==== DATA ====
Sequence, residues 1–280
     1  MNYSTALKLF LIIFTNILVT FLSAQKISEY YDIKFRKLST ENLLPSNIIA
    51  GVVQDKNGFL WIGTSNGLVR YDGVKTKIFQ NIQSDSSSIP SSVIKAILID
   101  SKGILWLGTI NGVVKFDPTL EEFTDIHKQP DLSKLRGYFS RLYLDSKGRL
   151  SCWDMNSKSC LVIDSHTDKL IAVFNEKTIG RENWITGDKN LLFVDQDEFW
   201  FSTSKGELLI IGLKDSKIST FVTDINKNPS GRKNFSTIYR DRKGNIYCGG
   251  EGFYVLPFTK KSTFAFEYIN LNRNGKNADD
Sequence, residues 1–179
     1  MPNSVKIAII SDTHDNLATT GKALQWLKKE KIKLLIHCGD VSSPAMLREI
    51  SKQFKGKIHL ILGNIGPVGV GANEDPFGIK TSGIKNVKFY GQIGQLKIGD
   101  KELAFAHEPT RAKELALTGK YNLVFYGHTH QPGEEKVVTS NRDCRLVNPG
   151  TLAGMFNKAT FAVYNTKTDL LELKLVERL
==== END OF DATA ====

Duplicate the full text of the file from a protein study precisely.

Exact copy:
Sequence, residues 1–280
     1  MNYSTALKLF LIIFTNILVT FLSAQKISEY YDIKFRKLST ENLLPSNIIA
    51  GVVQDKNGFL WIGTSNGLVR YDGVKTKIFQ NIQSDSSSIP SSVIKAILID
   101  SKGILWLGTI NGVVKFDPTL EEFTDIHKQP DLSKLRGYFS RLYLDSKGRL
   151  SCWDMNSKSC LVIDSHTDKL IAVFNEKTIG RENWITGDKN LLFVDQDEFW
   201  FSTSKGELLI IGLKDSKIST FVTDINKNPS GRKNFSTIYR DRKGNIYCGG
   251  EGFYVLPFTK KSTFAFEYIN LNRNGKNADD
Sequence, residues 1–179
     1  MPNSVKIAII SDTHDNLATT GKALQWLKKE KIKLLIHCGD VSSPAMLREI
    51  SKQFKGKIHL ILGNIGPVGV GANEDPFGIK TSGIKNVKFY GQIGQLKIGD
   101  KELAFAHEPT RAKELALTGK YNLVFYGHTH QPGEEKVVTS NRDCRLVNPG
   151  TLAGMFNKAT FAVYNTKTDL LELKLVERL